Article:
Hebrews chapter 11 gives tribute to faithful individuals like these, saying this, some were tortured refusing to accept release. Others suffered mocking and flogging, and even chains and imprisonment. They were stoned, they were sawn in two, they were killed with the sword. They went about in skins of sheep and goats, destitute, afflicted, mistreated – of whom the world was not worthy – wandering about in deserts and mountains, and in dens and caves of the earth.
So like Anne of Bohemia, whose story I’ve told you this morning, many of these individuals appeared to be nothing more than tiny scraps of humanity whose names we can’t even name because they’re not familiar to us like the others. But these were tiny scraps of humanity that God chose to use mightily behind the scenes, for His glory, in the advance of His kingdom and the progress of the gospel into all the earth. We, this morning, are beneficiaries of their behind-the-scenes sacrifice; their willingness to be faithful no matter how small it would have seemed at the time that what they were doing was.
Luther praised this relatively unknown woman, Argula, however you pronounce that, this is what he said of her, “The most noble woman, Argula von Grumbach, is there making a valiant fight with great spirit, boldness of speech, and knowledge of Christ. She deserves that all pray for Christ’s victory in her. She alone, among these monsters, carries on with firm faith, though she admits, not without inner trembling. She is a singular instrument of Christ. I commend her to you that Christ through this infirm vessel, may confound the mighty and those who glory in their strength.” Love that quote.
The young princess, Jean d’albret, was once heard to say this, Although I am just a little princess, God has given me the government of this country so I may rule it according to His gospel and teach it His laws. I rely on God who is more powerful than the King of Spain. Endquote.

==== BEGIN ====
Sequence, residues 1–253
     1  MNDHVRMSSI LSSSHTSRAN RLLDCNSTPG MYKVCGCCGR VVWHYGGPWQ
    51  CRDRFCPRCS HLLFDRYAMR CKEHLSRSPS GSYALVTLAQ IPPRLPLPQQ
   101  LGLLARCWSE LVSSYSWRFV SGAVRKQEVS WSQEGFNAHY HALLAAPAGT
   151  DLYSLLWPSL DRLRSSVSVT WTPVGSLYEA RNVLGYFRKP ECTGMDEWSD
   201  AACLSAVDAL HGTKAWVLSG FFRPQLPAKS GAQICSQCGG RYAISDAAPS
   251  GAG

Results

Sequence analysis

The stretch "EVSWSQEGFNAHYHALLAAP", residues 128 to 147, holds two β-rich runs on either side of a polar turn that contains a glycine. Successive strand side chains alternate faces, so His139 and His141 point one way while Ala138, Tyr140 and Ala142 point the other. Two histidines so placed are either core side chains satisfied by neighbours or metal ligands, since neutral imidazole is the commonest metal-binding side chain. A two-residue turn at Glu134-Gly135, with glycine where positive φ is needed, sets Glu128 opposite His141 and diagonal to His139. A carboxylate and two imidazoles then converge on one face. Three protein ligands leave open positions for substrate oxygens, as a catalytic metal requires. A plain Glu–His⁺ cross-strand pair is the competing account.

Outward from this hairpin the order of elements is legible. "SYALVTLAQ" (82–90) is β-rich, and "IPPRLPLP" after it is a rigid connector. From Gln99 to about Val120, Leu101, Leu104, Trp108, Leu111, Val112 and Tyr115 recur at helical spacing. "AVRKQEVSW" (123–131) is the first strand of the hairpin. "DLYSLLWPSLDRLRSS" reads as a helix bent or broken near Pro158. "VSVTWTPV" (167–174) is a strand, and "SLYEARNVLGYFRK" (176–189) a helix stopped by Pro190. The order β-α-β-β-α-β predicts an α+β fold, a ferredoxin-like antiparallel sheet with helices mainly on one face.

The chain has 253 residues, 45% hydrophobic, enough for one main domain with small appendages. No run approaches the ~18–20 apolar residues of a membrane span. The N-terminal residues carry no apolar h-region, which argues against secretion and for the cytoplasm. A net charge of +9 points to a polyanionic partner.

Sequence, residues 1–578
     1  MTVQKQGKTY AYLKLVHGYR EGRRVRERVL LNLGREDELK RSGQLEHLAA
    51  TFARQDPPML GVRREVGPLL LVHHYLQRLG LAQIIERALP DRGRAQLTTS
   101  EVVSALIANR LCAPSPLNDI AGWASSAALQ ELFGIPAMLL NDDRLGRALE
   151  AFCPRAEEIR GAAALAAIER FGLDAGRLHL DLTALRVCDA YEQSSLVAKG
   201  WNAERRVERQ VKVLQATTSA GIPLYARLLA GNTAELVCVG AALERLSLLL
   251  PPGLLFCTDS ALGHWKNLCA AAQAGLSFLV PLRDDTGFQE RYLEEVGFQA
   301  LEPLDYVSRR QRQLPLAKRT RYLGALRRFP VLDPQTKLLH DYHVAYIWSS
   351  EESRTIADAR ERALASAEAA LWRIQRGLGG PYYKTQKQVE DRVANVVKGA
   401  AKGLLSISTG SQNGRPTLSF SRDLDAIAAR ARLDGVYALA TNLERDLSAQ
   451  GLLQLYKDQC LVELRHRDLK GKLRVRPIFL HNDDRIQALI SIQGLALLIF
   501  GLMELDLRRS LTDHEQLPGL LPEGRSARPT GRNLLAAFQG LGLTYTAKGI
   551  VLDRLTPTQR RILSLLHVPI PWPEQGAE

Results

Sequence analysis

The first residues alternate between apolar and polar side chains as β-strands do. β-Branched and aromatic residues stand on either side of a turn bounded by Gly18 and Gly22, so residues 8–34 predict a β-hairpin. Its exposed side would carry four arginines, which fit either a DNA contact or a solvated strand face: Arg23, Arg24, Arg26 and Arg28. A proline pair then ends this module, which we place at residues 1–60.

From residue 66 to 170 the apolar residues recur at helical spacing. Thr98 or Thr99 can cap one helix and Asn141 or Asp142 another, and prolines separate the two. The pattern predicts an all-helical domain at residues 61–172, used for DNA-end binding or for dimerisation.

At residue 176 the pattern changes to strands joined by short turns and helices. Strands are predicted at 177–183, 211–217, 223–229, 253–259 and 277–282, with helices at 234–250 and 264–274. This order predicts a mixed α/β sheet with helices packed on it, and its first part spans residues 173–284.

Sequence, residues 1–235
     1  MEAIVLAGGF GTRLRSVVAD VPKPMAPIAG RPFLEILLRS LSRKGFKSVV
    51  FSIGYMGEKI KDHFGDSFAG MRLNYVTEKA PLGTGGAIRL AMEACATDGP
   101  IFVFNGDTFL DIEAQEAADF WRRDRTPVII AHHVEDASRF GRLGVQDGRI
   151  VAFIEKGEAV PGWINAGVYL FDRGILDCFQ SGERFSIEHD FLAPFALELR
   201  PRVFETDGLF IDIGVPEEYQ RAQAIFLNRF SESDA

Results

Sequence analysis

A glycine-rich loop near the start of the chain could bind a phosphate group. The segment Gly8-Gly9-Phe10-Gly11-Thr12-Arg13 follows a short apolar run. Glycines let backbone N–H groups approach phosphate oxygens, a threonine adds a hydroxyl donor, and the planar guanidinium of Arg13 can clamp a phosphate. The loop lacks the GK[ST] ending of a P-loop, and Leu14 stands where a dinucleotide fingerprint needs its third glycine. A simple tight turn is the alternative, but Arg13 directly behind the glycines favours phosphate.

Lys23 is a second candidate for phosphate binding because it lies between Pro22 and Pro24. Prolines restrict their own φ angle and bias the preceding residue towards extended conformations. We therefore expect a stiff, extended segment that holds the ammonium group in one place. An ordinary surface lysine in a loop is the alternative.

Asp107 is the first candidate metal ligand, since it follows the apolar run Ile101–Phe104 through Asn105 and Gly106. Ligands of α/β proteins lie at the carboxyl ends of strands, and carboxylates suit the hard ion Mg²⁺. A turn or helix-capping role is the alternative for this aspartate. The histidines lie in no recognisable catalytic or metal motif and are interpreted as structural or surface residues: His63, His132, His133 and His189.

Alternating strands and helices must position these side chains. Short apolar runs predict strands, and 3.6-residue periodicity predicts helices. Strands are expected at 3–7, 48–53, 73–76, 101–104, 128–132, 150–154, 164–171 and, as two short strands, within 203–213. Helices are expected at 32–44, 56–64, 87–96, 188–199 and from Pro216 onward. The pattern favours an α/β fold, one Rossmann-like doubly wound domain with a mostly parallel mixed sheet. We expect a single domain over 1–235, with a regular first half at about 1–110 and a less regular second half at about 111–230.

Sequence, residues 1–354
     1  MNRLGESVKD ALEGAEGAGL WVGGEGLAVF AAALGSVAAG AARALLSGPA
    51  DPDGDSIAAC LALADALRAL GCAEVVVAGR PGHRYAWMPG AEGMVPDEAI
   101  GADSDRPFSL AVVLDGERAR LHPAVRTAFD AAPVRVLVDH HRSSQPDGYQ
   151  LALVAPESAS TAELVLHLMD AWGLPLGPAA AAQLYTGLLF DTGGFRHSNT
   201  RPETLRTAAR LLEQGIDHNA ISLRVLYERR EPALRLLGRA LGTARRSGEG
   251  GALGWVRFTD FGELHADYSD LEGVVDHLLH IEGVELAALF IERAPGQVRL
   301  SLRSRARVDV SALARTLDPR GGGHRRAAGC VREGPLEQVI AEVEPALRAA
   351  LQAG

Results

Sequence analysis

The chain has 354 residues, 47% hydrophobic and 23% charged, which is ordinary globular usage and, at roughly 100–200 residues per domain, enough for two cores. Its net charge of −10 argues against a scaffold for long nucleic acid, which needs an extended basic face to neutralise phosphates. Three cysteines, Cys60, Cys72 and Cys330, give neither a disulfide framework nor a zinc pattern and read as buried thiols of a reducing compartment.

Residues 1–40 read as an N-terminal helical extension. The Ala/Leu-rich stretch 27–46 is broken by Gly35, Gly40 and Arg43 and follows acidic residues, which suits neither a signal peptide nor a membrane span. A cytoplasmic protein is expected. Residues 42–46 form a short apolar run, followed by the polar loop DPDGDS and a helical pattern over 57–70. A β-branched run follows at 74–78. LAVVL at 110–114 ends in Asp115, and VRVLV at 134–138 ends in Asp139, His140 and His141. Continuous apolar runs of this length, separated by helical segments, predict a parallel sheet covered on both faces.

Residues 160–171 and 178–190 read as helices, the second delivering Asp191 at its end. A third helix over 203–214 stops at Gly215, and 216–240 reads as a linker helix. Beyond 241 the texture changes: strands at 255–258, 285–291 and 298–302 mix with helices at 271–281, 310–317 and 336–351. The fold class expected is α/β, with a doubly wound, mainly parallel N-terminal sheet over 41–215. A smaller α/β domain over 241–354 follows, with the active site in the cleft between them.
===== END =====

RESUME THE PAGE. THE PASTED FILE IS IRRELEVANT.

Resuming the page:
Well, I hope that taking one Sunday out of 52 to bring, to highlight some of these stories, that God has written into His grand Story, into the Theatre of Time is something that the Lord can use in our own lives to cause us to rise up, no matter how small or great we feel, no matter how old or young we feel, to rise up and be men and women and boys and girls of faith and obedience to Christ. To be obedient no matter what the government throws our way and tells us we can or cannot do. We are captive to the Word of God. We are captive to His Word. Too often we become obsessed with our level of significance in the world, right? But listen, if God could use these tiny scraps for His glory, then He can use you and me too.
And so just as we come to conclusion this morning, I want to direct your attention to the book that we’ve been working through expositionally over the last number of months. Turn with me briefly as we conclude to 1 Corinthians chapter 1 and we’ll revisit briefly one text that we spent some time on some months ago. So 1Corinthians 1, I want to leave you with this, just to simply encourage you to be faithful in whatever sphere the Lord has put you in, so I leave you with these words, beginning in verse 26: